Scripture confirms this conclusion as well.  Paul writes in 1 Timothy 3:16 that Christ has been “justified by the Spirit,”34 which most agree is a reference to Christ’s resurrection carried out through the agency of the Spirit.35  Moreover, if Christ’s resurrection is needed to justify him because he had died as the condemned one, then it should be apparent that the resurrection was a necessary act precisely because of the nature of Christ’s atoning death.  Because Jesus was the righteous Son of God (the obedient second/last Adam), he could not remain under the wrathful condemnation of the Father, which he bore in his death.  Thus, far from being disconnected from the resurrection, it is Christ’s penal substitutionary death which demands the resurrection.  Furthermore, because the resurrection is a demonstration of the legal verdict of righteousness pronounced on the incarnate Son, the resurrection itself (like the atonement) is fundamentally forensic in nature.

 

Justification, Resurrection, and the Believer

Because of the believer’s union with Christ, however, that which Christ does and receives does not affect him alone.  As established earlier, the representative union that exists between Christ and believers declares that what Christ does and receives is credited to those “in him.”  Therefore, if Christ’s resurrection proves the legal declaration of his righteous status, then believers should expect to see Christ’s resurrection bringing about their own justification.  And this is precisely what one finds in Romans 4:25.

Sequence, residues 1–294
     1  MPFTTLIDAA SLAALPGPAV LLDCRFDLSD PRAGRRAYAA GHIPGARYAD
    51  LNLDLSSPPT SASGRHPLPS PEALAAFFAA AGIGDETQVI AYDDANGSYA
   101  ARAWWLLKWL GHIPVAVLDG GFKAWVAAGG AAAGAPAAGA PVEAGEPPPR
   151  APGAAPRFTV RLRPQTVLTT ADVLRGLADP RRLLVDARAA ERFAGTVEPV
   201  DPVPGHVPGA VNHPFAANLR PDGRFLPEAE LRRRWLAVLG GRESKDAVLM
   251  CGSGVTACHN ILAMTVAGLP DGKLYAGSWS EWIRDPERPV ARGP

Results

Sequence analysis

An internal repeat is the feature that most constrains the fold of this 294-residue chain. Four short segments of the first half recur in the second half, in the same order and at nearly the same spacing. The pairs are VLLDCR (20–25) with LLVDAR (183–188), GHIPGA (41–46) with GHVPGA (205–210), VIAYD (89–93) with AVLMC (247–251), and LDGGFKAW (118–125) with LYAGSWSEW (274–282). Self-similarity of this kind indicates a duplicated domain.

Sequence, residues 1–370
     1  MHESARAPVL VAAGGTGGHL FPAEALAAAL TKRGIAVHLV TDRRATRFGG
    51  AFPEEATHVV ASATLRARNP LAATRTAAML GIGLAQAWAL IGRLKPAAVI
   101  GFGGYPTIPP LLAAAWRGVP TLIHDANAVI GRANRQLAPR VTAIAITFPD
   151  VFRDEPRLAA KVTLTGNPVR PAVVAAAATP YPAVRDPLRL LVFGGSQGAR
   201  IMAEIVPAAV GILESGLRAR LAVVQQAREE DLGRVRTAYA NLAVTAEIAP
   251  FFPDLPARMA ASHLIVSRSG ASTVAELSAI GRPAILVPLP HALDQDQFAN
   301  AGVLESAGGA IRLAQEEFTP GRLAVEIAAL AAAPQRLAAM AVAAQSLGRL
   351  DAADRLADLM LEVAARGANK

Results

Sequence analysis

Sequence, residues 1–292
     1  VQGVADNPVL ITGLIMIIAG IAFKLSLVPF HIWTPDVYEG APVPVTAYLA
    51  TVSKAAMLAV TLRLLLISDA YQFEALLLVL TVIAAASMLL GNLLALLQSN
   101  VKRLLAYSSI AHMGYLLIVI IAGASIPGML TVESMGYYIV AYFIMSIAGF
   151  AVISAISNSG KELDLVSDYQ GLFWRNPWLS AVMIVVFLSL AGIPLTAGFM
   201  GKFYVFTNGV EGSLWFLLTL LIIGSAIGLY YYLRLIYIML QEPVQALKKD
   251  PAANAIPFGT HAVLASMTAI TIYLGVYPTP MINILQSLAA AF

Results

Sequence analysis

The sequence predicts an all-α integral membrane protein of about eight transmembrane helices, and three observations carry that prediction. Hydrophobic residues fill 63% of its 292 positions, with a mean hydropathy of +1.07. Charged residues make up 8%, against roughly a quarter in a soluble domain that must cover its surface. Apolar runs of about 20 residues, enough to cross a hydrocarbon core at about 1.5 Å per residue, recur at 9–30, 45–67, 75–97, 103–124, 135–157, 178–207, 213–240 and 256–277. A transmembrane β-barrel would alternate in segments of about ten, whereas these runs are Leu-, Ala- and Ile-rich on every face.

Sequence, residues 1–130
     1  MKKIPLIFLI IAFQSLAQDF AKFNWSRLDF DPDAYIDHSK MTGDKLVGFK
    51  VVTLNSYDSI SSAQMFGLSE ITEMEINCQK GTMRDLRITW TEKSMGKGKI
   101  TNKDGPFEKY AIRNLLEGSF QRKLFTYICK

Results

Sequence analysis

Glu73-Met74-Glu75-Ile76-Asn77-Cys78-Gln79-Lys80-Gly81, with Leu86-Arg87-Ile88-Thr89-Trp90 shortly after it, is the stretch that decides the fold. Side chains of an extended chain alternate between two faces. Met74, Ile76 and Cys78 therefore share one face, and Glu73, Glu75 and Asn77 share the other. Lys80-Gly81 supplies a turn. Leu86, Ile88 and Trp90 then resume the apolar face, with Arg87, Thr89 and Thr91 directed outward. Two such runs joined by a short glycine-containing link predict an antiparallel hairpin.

Paul writes in Romans 4:25 that Jesus “was delivered up for our trespasses and raised for our justification.”  The first half of the verse highlights Jesus’ identification with believers in their condemnation—Christ pays the penalty for their sin.  The second half underscores the connection between Christ’s resurrection and believers’ justification. The details of this connection become apparent as one understands that Christ’s resurrection means that Christ has received a legal sentence of justification.  The resurrected Christ is nothing less than the one who has received the legal sentence that he is righteous.  Therefore, if believers are united to Christ in such a way that what Christ does and receives is determinative for them, then one may conclude that as Christ’s resurrection displays that he has received a declaration of righteousness, so believers receive a declaration of righteousness as well as they are united with the resurrected Christ by faith.36 This explains the logic of Romans 4:25Christ is raised, and (because he is in representative union with believers) it is for our justification.37